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Reproductive ability of a cloned male detector dog and behavioral traits of its offspring

View Article: PubMed Central - PubMed

ABSTRACT

In 2007, seven detector dogs were produced by somatic cell nuclear transfer using one nuclear donor dog, then trained and certified as excellent detector dogs, similar to their donor. In 2011, we crossed a cloned male and normal female by natural breeding and produced ten offspring. In this study, we investigated the puppies' temperaments, which we later compared with those of the cloned parent male. The results show that the cloned male had normal reproductive abilities and produced healthy offspring. All puppies completed narcotic detector dog training with a success rate for selection of 60%. Although the litter of cloned males was small in this study, a cloned male dog bred by natural mating produced puppies that later successfully completed the training course for drug detection. In conclusion, cloning an elite dog with superior genetic factors and breeding of the cloned dog was found to be a useful method to efficiently procure detector dogs.

No MeSH data available.


Mature appearance of F1 (P1–P10) produced by breeding a male cloned dog and a female dog. F1 developed without health problems until the end of training course. The image was taken at 2 years of age.
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Figure 2: Mature appearance of F1 (P1–P10) produced by breeding a male cloned dog and a female dog. F1 developed without health problems until the end of training course. The image was taken at 2 years of age.

Mentions: Natural breeding was performed to evaluate the fertility of the cloned male dog. At 61 days after mating, ten offspring (male: 5, female: 5) were born by natural delivery (Table 1; Fig. 1). The puppies were healthy, had a yellow coat color, and no abnormalities in morphology (Table 1; Fig. 2).


Reproductive ability of a cloned male detector dog and behavioral traits of its offspring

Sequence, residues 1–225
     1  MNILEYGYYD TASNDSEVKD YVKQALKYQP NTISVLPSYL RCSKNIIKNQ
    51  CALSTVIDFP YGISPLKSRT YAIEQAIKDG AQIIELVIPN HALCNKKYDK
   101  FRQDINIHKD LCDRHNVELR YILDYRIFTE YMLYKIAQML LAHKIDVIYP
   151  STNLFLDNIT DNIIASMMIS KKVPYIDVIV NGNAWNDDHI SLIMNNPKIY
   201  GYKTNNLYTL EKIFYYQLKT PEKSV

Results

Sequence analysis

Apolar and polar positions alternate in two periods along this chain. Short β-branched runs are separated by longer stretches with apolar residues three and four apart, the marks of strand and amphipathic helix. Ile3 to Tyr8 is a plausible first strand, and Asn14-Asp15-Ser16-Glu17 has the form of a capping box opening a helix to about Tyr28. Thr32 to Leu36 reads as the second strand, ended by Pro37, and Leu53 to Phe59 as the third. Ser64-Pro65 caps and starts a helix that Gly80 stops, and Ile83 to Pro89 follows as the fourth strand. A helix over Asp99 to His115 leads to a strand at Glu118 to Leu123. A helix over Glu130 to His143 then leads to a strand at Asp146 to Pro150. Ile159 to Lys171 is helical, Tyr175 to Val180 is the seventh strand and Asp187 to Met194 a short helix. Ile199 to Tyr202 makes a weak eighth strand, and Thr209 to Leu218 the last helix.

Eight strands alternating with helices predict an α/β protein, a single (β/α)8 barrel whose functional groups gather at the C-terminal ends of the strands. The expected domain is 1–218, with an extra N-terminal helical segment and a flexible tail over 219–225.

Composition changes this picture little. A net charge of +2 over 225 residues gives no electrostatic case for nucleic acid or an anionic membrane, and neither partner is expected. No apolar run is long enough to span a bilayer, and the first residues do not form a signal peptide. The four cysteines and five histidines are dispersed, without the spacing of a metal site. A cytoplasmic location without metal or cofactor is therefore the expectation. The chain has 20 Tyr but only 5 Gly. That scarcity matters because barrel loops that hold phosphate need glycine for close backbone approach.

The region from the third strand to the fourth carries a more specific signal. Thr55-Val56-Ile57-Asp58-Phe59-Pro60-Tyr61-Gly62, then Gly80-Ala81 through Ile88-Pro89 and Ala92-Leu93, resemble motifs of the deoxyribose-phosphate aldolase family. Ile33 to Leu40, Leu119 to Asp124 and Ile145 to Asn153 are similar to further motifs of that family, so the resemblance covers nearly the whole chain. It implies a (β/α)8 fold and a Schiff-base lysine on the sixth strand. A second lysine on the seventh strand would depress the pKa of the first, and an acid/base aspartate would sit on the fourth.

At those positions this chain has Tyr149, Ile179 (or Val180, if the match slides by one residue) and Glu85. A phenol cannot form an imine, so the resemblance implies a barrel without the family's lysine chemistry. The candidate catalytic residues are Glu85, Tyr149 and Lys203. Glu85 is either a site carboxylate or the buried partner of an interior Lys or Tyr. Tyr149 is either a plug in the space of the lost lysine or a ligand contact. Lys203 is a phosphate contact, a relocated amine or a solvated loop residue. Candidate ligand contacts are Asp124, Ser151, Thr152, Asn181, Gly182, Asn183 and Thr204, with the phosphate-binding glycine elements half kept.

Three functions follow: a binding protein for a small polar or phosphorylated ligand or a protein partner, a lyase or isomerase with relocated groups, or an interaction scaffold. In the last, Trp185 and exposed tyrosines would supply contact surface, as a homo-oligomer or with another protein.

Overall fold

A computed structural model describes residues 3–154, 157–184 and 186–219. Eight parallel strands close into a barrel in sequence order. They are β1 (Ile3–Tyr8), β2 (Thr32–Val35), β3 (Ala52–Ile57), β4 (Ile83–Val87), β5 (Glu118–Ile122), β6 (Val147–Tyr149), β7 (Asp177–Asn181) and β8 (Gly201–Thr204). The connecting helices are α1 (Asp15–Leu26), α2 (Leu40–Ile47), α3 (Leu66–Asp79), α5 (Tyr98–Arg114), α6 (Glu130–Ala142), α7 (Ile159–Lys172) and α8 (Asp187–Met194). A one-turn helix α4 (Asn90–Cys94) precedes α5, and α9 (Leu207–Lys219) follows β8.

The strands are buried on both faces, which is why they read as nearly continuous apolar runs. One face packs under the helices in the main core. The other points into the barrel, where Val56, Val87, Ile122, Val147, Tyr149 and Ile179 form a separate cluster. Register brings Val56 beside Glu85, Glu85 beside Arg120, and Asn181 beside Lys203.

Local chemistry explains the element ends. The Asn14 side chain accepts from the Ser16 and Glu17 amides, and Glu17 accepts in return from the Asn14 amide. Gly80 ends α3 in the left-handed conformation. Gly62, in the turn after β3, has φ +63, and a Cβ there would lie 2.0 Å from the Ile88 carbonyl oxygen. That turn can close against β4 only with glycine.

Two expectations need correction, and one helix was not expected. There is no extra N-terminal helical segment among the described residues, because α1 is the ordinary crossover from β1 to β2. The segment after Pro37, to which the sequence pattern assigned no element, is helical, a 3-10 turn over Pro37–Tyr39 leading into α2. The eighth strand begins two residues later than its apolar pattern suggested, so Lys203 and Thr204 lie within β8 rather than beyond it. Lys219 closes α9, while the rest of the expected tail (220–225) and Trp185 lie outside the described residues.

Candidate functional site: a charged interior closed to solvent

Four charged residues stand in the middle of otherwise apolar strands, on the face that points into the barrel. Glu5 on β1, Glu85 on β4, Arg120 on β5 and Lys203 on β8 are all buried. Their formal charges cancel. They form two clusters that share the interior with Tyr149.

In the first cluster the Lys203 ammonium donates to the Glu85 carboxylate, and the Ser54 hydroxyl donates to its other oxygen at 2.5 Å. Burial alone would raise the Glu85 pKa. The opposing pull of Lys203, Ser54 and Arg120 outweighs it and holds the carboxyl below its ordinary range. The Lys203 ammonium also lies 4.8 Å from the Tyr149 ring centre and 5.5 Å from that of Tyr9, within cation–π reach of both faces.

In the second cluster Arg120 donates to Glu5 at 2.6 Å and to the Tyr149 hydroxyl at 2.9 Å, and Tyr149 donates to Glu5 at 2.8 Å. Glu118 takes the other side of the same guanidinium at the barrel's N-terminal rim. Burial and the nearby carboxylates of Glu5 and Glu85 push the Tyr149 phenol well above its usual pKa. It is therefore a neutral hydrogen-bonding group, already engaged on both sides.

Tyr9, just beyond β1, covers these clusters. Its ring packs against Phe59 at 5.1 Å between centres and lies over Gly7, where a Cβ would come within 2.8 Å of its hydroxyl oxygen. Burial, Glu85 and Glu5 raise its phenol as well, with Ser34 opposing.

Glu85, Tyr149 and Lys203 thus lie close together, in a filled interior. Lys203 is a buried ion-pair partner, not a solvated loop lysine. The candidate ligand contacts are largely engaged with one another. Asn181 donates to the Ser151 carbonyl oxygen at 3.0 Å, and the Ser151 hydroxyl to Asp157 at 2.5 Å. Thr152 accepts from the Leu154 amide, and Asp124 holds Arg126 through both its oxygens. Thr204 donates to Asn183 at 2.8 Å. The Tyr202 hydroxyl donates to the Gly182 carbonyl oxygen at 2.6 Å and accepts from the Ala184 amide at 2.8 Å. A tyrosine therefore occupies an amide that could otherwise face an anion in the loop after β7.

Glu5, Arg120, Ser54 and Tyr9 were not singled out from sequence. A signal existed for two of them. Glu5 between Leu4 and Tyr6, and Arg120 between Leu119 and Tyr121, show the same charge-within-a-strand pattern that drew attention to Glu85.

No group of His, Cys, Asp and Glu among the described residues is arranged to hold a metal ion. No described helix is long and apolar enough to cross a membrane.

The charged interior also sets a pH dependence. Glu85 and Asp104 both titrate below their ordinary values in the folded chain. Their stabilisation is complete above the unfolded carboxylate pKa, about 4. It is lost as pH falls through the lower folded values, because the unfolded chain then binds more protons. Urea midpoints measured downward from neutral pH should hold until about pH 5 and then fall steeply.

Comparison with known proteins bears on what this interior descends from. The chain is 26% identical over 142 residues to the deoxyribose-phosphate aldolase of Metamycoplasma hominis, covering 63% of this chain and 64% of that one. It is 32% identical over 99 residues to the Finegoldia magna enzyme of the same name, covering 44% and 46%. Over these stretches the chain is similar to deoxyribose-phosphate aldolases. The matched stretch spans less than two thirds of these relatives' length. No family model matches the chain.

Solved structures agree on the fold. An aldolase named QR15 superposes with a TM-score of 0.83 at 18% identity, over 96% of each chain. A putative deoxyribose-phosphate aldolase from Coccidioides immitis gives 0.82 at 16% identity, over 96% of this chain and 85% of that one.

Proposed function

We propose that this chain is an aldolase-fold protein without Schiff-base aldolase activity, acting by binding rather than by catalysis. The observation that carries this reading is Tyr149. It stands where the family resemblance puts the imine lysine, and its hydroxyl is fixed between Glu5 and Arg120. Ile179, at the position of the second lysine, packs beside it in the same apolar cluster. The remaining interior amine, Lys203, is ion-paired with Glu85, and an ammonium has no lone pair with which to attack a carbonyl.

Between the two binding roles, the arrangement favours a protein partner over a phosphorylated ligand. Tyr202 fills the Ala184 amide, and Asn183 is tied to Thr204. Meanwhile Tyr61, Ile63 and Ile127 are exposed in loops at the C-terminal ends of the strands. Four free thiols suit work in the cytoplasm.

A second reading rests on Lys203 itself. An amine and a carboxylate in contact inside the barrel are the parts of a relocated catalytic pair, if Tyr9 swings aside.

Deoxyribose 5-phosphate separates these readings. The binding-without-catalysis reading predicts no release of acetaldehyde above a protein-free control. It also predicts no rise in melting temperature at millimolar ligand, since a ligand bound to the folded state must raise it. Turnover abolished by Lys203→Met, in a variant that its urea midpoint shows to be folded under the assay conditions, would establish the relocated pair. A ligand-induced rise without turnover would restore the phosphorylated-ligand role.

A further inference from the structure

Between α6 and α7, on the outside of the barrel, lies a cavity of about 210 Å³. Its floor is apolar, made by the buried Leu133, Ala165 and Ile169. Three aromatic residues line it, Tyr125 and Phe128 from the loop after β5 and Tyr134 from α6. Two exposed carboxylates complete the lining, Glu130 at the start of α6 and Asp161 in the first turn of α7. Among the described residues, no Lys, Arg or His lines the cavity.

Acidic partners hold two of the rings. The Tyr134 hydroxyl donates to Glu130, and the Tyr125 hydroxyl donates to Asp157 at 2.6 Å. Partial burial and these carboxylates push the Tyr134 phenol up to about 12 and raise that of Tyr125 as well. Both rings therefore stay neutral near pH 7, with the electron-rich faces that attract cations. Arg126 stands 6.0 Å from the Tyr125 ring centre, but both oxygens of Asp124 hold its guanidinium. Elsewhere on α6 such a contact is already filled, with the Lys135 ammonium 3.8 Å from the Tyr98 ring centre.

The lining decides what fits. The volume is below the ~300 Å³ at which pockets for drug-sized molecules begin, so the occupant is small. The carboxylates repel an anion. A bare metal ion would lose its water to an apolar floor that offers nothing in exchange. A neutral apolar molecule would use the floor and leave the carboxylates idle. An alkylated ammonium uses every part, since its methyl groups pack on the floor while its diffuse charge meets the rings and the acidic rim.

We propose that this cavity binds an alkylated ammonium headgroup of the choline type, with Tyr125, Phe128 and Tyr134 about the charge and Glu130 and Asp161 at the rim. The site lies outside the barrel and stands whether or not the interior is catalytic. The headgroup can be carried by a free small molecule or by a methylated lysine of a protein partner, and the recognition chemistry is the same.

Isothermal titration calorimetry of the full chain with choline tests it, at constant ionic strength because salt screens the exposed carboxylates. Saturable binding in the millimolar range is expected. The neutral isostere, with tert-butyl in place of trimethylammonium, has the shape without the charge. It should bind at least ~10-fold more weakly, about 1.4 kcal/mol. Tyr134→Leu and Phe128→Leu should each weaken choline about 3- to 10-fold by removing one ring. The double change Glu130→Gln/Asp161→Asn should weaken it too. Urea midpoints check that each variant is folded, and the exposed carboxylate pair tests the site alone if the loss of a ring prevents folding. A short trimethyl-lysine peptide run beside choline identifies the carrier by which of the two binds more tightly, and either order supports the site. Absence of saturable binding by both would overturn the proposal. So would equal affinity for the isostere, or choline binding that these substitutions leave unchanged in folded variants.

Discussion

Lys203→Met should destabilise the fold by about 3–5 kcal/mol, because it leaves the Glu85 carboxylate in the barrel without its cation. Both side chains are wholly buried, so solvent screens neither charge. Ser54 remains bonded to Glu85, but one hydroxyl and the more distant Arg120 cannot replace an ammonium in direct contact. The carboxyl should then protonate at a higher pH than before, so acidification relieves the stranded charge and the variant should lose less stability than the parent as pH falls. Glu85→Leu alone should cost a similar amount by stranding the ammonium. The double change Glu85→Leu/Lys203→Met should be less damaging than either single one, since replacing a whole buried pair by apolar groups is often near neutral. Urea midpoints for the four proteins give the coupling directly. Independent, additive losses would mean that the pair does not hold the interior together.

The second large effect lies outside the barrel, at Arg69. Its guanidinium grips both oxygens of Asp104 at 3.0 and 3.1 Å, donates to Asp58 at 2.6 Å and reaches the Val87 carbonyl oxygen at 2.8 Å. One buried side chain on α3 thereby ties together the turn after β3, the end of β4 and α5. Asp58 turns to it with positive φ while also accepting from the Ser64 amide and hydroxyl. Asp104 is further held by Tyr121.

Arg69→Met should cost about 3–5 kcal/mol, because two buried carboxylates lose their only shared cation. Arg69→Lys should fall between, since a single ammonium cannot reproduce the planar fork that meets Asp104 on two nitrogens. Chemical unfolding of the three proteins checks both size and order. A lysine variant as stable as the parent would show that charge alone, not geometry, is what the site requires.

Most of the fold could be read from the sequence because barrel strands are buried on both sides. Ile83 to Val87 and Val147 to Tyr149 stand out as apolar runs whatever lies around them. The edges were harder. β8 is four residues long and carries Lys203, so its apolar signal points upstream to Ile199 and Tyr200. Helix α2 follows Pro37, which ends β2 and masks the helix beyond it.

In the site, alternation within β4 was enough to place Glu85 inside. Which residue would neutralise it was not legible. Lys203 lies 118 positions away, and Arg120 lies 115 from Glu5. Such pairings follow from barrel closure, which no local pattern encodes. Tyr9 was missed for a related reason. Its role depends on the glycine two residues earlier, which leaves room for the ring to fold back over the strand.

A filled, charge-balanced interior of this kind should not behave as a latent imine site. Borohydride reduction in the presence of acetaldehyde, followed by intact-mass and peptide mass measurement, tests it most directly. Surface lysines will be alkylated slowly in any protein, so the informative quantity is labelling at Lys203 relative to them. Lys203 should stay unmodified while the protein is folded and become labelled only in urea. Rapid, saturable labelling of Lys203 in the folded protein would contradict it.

Mature appearance of F1 (P1–P10) produced by breeding a male cloned dog and a female dog. F1 developed without health problems until the end of training course. The image was taken at 2 years of age.
© Copyright Policy - open-access
Related In: Results  -  Collection

License
Show All Figures
getmorefigures.php?uid=PMC5037310&req=5

Figure 2: Mature appearance of F1 (P1–P10) produced by breeding a male cloned dog and a female dog. F1 developed without health problems until the end of training course. The image was taken at 2 years of age.
Mentions: Natural breeding was performed to evaluate the fertility of the cloned male dog. At 61 days after mating, ten offspring (male: 5, female: 5) were born by natural delivery (Table 1; Fig. 1). The puppies were healthy, had a yellow coat color, and no abnormalities in morphology (Table 1; Fig. 2).

View Article: PubMed Central - PubMed

ABSTRACT

In 2007, seven detector dogs were produced by somatic cell nuclear transfer using one nuclear donor dog, then trained and certified as excellent detector dogs, similar to their donor. In 2011, we crossed a cloned male and normal female by natural breeding and produced ten offspring. In this study, we investigated the puppies' temperaments, which we later compared with those of the cloned parent male. The results show that the cloned male had normal reproductive abilities and produced healthy offspring. All puppies completed narcotic detector dog training with a success rate for selection of 60%. Although the litter of cloned males was small in this study, a cloned male dog bred by natural mating produced puppies that later successfully completed the training course for drug detection. In conclusion, cloning an elite dog with superior genetic factors and breeding of the cloned dog was found to be a useful method to efficiently procure detector dogs.

No MeSH data available.